that pufflings are neither toys nor pets.

Releasing the pufflings

After the pufflings have been brought Puffling Patrol and processed, the next step is to find a good place to release them. If the weather is good then all the areas marked on the map are good places to release them. If it’s very windy and the waves are too big and strong then it’s often better to release them where there is better shelter. Never release them in the harbor.

Höfðavík, the local sandy beach, is a very popular destination to go and release the pufflings, especially since that area is safe for children. However, seals, gulls and great skuas lurk nearby and wait for the pufflings. It is good to have other areas in mind. Hamarinn and Stórhöfði are good areas, on the cliff edge, where the pufflings get more distance and can fly further away from shore.  Be careful not to go close to the edge.

Most people release pufflings by holding them with both hands and letting the wings free. Then it starts to flap its wings preparing to fly off. The releaser helps the puffling by throwing it up in to the air. This allows the bird to reach good height when flying out to sea. Others throw them like an American football and hold their wings while throwing.

At Stórhöfði, it can also be fun to sit down and set the pufflings on the grass instead of throwing them up in the air. This gives them the option to fledge on their own terms. Some of them fly away instantly but some need a little time to think about what’s about to happen. If they run off into one of the puffin holes, it is ok, they will eventually head out to the ocean.

At one place at Hamarinn, they have made a wall to make it more safe to release them for the younger generation. Still we need to think about the safety when we release them. At the golf course they have made a bridge and on that bridge is also very good to release.

The puffling patrol

Since 2003, a patrol for the pufflings has been operated in Vestmannaeyjar. The years before 2003 the amount of pufflings coming in to town was incredibly low.  Because of this, a group was formed to better understand why the numbers were so low. The goals of the patrol are to determine the number of pufflings coming in to town each year and their overall condition and health.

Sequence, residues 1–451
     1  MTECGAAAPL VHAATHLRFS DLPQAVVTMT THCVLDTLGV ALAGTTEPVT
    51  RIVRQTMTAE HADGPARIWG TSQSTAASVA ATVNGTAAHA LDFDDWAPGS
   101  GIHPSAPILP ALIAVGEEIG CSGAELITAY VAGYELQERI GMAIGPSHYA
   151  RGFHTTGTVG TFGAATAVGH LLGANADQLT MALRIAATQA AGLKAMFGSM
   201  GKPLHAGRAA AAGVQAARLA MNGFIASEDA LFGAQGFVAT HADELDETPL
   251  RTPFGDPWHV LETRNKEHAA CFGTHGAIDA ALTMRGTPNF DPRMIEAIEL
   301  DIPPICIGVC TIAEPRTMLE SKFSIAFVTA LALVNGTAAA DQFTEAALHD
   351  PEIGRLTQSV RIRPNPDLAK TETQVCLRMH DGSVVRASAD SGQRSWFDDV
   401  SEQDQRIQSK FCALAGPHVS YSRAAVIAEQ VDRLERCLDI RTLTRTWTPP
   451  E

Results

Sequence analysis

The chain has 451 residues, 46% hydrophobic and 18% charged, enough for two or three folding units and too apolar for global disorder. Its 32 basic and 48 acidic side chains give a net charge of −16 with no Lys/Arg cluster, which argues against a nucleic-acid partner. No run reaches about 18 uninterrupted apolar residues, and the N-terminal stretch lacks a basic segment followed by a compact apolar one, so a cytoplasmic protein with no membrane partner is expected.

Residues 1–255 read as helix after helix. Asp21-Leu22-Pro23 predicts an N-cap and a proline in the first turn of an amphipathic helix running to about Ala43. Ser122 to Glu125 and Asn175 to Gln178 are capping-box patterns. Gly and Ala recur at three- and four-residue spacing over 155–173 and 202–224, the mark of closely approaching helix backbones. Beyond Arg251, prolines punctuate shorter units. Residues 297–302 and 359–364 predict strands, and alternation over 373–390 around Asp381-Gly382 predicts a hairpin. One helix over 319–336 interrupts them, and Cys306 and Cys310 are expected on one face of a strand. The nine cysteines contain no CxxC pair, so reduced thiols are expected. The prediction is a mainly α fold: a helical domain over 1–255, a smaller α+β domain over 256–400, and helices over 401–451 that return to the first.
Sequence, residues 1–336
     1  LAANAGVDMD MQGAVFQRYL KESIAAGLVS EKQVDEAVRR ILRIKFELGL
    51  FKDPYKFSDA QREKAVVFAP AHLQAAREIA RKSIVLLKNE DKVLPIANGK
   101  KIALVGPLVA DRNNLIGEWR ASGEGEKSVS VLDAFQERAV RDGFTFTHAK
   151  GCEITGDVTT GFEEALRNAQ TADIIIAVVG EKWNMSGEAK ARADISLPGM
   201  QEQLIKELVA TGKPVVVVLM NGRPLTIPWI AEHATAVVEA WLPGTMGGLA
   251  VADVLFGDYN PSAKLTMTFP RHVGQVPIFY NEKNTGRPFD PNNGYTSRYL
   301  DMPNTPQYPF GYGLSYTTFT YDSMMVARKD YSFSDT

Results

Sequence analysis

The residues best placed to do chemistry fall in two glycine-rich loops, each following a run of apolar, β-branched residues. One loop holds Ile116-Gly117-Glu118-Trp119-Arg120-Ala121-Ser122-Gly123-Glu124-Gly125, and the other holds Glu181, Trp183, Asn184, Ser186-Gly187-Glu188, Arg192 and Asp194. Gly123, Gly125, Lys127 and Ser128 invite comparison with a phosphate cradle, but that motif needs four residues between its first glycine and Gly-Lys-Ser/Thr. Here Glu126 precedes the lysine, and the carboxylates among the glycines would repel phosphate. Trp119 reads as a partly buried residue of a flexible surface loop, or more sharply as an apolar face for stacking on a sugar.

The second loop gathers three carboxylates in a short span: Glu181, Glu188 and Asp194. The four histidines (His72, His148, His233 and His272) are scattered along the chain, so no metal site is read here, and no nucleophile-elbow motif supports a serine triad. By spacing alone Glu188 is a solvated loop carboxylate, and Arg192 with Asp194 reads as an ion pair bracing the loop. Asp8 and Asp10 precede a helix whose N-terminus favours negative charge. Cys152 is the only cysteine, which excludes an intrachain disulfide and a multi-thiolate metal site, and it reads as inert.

The children who find the pufflings bring them to Sæheimar, where they are weighed and their wings are measured before they are released. Important information is gained, including the total count of chicks, their body condition and the timing of when they fledge.

The participation amongst locals  has been very good and some families bring pufflings in almost daily. Even though not all the pufflings that are found go through the patrol, it still gives a good indication about the population changes throughout the years.

About a quarter of the pufflings that have been brought into Sæheimar have been marked with a steel ring.  The rings  give a lot of important information and because of the ringing of the local puffins, we know that puffins can live over 40  years old.

The puffling hotel

We always emphasize the importance that the pufflings are released the day after they are found. But some of them that are brought in are too small or have too much down on them to release them right away. The life expectancy for them at sea is not great if they are released before they get bigger and stronger.

For those small pufflings, there’s a puffling rehabilitation center for them at Sea Life Trust. They get to stay there for a few days, or until they’ve gained weight and lost most of their downy feathers. Then they are ready to head out at sea.

To keep a puffling in captivity is only done in extreme cases where there is absolutely no other option of  returning it to the wild and where it would otherwise not survive on its own.


Every year, there are some pufflings that are brought to Puffling Patrol that are dirty and oiled. They need to be washed, rinsed and rehabilitated before they can be released.

Oiled pufflings that are brought to  Puffling Patrol are processed and cleaned by trained professionals. They are first stabilized, then rinsed with soapy water, containing a special soap that is used specifically for this purpose. After the soapy rinse, they are thoroughly washed, and then dried with heat lamps.

The amount of dirt, oil, or grease in the feathers varies so the extent of the cleaning also varies. Most of the time one rinse is enough.  Before the pufflings get permission for their departure, they are tested to see if they are completely waterproof and thus safe to release them back to sea.

It’s always a good feeling to send a puffling back to the ocean, but it’s an extra special victory when we can successfully release a previously oiled bird that has been cleaned!